According to unnamed industry executives speaking to the Los Angeles Times, Paramount has ceased releasing films on 35mm film and will go forward distributing movies exclusively in digital formats. The LA Times‘ sources said that Anchorman 2: The Legend Continues was the last Paramount movie with a celluloid release, and Wolf of Wall Street was the first major motion picture to be distributed entirely digitally.
The move has been a long time coming. Back in 2012, digital media research company IHS Screen Digest predicted that movie studios would cease producing 35mm film prints for major markets like the US, France, the UK, Japan, and Australia by the end of 2013. IHS also predicted that worldwide film distribution would cease by 2015.
The Los Angeles Times noted that Paramount has kept the landmark move quiet, possibly due to the fact that “no studio wants to be seen as the first to abandon film, which retains a cachet among purists.” Still, film prints can be up to twenty times as expensive to create and distribute as digital prints; the Times says a digital print can cost the studio $100, whereas a film print can sometimes cost $2,000 to make.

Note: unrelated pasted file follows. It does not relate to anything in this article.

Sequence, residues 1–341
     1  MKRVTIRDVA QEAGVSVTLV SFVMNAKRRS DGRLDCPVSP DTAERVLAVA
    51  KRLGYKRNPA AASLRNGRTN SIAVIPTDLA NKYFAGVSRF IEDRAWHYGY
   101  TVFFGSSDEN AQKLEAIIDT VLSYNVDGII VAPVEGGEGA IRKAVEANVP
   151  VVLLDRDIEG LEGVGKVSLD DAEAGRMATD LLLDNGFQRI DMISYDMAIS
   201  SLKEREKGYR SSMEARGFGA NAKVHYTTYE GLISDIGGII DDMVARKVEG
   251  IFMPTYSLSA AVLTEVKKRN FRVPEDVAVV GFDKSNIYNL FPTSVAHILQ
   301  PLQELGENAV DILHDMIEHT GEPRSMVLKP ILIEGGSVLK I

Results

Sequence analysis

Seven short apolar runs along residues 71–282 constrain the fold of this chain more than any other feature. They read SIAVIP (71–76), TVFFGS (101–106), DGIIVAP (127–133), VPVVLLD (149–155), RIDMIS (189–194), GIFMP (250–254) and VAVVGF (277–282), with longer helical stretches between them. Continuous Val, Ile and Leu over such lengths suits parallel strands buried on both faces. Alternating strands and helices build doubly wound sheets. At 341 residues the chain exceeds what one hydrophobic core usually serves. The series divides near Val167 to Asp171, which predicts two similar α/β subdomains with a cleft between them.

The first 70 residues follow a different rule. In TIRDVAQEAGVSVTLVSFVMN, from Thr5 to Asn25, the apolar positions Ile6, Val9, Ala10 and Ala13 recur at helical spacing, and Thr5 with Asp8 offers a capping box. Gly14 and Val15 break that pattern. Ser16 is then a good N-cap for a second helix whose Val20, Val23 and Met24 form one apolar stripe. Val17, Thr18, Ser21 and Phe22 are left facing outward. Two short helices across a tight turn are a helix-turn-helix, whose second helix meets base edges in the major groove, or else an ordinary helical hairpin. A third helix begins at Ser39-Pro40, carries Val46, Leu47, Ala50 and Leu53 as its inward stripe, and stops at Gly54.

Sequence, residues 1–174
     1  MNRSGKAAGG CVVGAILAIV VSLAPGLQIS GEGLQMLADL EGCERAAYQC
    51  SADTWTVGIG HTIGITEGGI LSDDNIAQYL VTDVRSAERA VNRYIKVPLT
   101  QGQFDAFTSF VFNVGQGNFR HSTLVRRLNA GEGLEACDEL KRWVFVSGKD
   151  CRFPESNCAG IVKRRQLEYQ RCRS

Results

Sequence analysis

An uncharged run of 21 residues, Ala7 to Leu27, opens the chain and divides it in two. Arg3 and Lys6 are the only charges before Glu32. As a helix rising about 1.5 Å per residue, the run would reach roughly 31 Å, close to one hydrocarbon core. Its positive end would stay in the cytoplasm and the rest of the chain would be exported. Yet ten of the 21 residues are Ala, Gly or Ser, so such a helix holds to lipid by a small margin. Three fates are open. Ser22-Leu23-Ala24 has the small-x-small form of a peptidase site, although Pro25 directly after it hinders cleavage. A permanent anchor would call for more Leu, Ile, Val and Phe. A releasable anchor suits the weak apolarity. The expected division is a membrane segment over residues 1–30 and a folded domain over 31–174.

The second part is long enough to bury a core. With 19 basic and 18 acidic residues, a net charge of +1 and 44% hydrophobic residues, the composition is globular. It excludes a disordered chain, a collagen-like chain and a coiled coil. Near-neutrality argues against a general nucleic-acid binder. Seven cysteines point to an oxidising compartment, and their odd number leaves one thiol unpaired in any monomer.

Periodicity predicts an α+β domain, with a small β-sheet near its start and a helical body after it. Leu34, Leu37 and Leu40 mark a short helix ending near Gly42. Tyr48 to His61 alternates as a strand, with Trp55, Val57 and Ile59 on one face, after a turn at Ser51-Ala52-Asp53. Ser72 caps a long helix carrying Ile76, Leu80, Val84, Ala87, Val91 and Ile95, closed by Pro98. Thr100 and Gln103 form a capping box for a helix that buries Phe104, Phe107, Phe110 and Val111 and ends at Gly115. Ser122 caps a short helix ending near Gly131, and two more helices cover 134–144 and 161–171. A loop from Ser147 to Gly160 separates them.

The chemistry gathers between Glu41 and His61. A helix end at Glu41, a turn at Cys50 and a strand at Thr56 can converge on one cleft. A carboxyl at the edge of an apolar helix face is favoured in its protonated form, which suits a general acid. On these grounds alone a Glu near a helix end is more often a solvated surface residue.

While more cost-efficient for the studios, the move to digital might hurt some smaller theaters that can’t afford $70,000 digital projection systems. According to the National Association of Theatre Owners, 8 percent of theaters in the US are not equipped with digital projection systems. That’s down from 10 percent when we last checked in in June 2012, although it’s not clear how much of that decrease is due to theaters making upgrades, and how much is due to theaters closing.
While the change is likely to create nostalgia for the century-old format, the big studios will likely fall in line after Paramount. As the Times pointed out, Martin Scorsese’s cachet was not enough to hold back the move to digital distribution. “The Wolf of Wall Street would seem an unlikely choice for the industry’s first all-digital wide release,” the Times wrote. “The movie was partially shot on film, and its director, Martin Scorsese, is a passionate advocate for film preservation.”